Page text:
Maybe he didnâ€™t intend to do this, but New Testament scholar Ben Witherington has put the â€œJust Warâ€ tradition on trial in his most recent blog post.
Commenting on the Family Research Councilâ€™s recent summit in Washington, D. C., Witherington complains that many evangelical Christians are inconsistent when they vigorously advocate pro-life policies while supporting the war in Iraq. He writes,
Interestingly, what no one was suggesting at the conservative Christian organizers meeting was that maybe, just maybe it was grossly inconsistent when it comes to being â€˜pro-lifeâ€™ to be campaigning so vigorously against abortion, while supporting the war in Iraq equally vigorously. Indeed, by some polls it appears Evangelical Christians are still some of the most staunch supporters of the war in Iraq. Whatâ€™s up with that? . . .
What was M.I.A. at this meeting was a recognition that war is just as destructive of life in general and Christian values in particular as abortion or same sex marriage. I suspect that until it dawns on these Christian organizers that they need to be articulating a more consistent and clear life ethic that not only affects personal Christian values but our larger witness to the whole world, that most non-Christians are not going to pay much attention to us.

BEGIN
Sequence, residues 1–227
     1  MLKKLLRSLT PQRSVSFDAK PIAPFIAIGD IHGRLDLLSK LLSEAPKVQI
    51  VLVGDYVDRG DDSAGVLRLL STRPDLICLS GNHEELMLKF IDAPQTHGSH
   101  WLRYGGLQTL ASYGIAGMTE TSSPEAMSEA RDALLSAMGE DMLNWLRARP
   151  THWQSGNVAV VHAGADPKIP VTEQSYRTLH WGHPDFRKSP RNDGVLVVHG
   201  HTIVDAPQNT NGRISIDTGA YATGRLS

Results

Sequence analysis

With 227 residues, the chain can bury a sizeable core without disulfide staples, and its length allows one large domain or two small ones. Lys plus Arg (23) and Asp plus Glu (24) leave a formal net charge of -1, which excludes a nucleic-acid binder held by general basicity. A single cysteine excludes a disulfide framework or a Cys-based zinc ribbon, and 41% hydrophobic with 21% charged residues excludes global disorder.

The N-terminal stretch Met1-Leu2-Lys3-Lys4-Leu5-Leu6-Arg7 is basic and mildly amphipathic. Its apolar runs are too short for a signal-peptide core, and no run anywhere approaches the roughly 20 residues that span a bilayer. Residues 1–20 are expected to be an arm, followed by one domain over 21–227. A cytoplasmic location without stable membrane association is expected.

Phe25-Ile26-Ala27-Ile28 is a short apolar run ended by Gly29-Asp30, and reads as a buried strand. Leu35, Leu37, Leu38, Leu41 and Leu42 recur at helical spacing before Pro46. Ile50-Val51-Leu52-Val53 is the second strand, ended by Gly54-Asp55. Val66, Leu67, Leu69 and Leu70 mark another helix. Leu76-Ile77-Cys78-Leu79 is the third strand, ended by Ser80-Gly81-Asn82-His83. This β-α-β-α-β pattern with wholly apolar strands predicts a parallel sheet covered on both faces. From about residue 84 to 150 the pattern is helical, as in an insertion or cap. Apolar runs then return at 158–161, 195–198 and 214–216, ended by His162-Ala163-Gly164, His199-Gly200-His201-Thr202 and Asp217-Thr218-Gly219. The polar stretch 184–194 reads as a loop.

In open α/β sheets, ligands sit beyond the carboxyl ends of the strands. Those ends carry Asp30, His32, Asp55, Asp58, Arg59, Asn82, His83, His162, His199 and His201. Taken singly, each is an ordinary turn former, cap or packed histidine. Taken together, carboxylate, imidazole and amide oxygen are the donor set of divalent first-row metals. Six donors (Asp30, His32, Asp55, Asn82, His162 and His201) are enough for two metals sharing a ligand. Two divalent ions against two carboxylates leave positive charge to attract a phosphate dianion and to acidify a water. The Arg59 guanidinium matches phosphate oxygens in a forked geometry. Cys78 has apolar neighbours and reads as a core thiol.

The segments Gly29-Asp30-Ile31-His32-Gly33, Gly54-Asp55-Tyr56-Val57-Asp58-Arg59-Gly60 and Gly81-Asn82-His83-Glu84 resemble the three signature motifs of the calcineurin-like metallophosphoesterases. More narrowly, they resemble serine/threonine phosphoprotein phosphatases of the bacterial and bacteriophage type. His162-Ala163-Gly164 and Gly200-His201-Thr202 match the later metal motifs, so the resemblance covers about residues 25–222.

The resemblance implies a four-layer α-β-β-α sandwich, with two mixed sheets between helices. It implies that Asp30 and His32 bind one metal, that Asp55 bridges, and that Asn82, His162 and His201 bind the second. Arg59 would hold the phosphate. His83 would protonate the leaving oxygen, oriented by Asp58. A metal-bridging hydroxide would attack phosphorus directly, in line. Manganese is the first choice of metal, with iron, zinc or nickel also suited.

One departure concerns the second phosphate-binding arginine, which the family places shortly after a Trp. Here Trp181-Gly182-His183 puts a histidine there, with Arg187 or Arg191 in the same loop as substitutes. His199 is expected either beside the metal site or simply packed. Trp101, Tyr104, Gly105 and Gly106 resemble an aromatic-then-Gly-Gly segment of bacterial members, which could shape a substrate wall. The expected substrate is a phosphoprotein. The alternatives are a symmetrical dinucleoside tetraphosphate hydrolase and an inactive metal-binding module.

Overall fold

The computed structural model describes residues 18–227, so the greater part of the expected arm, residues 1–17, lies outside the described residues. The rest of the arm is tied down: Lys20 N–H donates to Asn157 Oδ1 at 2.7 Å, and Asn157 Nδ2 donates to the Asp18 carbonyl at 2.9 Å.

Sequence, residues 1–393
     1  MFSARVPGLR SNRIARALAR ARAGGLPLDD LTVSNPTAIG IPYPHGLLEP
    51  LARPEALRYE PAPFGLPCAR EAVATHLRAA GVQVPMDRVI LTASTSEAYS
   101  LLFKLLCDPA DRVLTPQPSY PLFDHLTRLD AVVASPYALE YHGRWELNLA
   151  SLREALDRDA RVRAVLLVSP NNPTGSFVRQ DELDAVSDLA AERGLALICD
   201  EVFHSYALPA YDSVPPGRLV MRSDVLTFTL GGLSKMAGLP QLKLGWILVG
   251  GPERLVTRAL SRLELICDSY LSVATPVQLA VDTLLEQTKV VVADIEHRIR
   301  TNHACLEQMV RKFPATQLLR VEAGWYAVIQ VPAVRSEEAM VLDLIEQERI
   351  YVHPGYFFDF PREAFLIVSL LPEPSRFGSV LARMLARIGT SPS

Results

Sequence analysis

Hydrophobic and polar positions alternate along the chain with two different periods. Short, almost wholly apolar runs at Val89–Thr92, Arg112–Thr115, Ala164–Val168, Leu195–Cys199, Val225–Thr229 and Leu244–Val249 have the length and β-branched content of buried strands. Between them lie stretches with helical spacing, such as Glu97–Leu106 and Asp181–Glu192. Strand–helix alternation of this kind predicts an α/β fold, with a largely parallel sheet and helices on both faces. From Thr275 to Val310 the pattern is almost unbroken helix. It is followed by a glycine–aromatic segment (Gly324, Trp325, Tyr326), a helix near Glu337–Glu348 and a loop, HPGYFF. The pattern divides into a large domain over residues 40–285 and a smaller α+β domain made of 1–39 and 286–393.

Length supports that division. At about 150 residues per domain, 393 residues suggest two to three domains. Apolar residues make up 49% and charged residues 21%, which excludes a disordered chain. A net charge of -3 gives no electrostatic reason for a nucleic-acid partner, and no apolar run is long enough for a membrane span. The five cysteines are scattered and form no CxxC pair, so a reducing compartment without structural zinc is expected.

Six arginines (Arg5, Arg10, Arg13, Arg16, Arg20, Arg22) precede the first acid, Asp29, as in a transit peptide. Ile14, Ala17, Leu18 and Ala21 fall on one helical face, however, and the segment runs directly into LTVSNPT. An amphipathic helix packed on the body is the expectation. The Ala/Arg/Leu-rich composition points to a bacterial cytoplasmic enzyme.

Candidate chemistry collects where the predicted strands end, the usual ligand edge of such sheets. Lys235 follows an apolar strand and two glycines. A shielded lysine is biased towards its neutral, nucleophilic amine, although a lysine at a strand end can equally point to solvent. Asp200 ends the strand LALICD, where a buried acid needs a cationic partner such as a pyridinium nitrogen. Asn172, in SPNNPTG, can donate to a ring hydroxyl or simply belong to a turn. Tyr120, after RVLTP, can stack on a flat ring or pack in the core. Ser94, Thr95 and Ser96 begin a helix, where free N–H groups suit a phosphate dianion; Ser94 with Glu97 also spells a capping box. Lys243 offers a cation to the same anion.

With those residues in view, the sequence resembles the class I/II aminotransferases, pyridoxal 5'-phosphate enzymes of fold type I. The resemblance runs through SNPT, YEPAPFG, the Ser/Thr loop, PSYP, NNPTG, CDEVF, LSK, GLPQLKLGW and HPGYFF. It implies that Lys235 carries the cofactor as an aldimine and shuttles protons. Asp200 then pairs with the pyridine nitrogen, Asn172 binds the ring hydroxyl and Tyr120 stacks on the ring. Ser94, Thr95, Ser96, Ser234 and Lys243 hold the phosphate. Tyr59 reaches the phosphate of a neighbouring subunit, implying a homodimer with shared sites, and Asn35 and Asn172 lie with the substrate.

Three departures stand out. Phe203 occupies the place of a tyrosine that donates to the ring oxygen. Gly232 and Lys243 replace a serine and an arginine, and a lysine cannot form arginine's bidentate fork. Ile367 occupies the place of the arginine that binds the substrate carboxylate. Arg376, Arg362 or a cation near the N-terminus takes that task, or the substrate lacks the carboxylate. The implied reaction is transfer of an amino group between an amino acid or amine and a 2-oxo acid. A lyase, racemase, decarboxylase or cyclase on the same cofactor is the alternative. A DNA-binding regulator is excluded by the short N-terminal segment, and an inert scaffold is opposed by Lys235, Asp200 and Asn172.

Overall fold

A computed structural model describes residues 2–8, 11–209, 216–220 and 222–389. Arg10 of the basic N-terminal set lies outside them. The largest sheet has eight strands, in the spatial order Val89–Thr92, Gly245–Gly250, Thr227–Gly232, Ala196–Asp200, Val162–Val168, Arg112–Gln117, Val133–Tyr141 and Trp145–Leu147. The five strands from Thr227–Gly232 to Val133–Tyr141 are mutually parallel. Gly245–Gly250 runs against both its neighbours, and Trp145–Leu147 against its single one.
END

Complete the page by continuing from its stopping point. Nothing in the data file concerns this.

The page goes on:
I donâ€™t know that Witherington is a pacifist, but the logic of his blog-entry is. He has linked the evil of war to the evil of abortion-on-demand and same-sex â€œmarriage.â€ To say that Christians must oppose war in the same way that they do abortion-on-demand and same-sex â€œmarriageâ€ demands that Christians surrender the idea that there is such a thing as a just warâ€”that is, unless one can envisage a Just Abortion-on-Demand theory or a Just Same-Sex Marriage theory.
It is fine for Witherington to argue vigorously that the Iraq War was unjust and therefore anti-Christian. But it is quite another matter to suggest that all wars have the same moral status as abortion-on-demand and same-sex â€œmarriage.â€ To me it makes more sense simply to acknowledge that Christians can disagree about whether the war in Iraq is a Just War. Letâ€™s have a debate about that, but letâ€™s not throw out the entire Just War tradition because we think that some on the religious right have misapplied it to the Iraq War.